Nigel Farage claims drop in migrants crossing Channel has 'nothing to do with Rwanda deal'

GB News' Nigel Farage hit back claims that the Government's new immigration scheme was working

Published

Nigel Farage believes the drop in migrants crossing the English Channel in recent days is not linked to the Government’s new immigration scheme with Rwanda.

While some people have claimed that the drop was down to migrants being worried about the prospect of being shipped to the African country for processing, Farage thinks that adverse weather conditions are in fact the actual reason.

Speaking on GB News, the former Brexit Party leader said: “Do you remember the plans we were told; it’s all going to be sorted in the Channel, we’ve got a plan to push back the migrant dinghys.

“And we saw a few months ago, examples of border force out there with their own inflatable ribs, even with jet skis.

Nigel Farage
Nigel Farage

“And the idea was that they turn the migrant dinghys around and they’d all happily sail back to the beaches of Dunkirk, Calais or elsewhere.

“It was never going to work, it was never practical in any way at all.

“And I’m afraid just ahead of a judicial review which was due to take place in a high court, which probably the Government would’ve lost given that we still have European Court of Human Rights on our law book under the Human Rights Act, it’s been scrapped so no more push backs.”

He continued: “What we will see is whether Rwanda works and there are some saying Rwanda is working, it’s a success because virtually no migrants have come now for the last six or seven days.

A group of people thought to be migrants are brought in to Dover, Kent
A group of people thought to be migrants are brought in to Dover, Kent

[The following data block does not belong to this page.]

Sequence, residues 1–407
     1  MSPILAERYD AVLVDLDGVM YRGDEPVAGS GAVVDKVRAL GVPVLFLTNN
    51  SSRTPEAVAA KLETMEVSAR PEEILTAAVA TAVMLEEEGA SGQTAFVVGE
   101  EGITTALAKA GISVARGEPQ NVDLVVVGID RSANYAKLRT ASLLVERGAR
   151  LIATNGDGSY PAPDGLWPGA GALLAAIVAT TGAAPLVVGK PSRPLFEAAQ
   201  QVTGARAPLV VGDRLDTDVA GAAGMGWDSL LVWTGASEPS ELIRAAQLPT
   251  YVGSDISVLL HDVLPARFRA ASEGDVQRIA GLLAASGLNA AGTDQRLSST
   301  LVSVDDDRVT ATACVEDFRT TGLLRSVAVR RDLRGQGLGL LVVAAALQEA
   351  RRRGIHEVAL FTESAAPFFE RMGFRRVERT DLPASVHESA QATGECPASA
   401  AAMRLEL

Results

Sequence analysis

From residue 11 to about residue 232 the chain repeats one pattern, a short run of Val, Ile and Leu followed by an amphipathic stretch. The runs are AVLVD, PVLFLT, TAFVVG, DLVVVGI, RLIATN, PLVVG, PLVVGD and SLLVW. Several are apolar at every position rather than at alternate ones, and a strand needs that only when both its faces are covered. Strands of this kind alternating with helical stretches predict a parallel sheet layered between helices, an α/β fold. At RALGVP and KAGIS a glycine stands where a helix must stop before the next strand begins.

“Believe you me, I know this subject, that is nothing to do with the prospect of being shipped off to Rwanda.

“It’s because there has been a persistent, strong, north-easterly wind in the English Channel.

“When it gets calm again, the boats will continue to come.”

His comments come just days after several Dunkirk refugees said they were not phased by the Rwanda scheme.

One migrant, called Barzan, said: “I don’t think it’s true that they’re going to send everyone to Rwanda. There will be more than 10,000 this year. Rwanda doesn’t have the space.”

While Mohamed Ali, 17, said the deal was “a big problem” but insisted: “If they take me to Rwanda I’ll come back.”

Even migrants leaving countries bordering Rwanda are willing to take the risk.

When asked what he would do if he was sent to Rwanda, Omar Deaja, 17, from Burundi told The Times: “I would kill myself (because) there is no work, no money to pay for school, no life.

“I want to be a lawyer to help people suffering because I know how it feels to be hungry and feel cold outside. Most people just see on the news and think we are coming to make money. But I left Burundi because I had no family, nothing."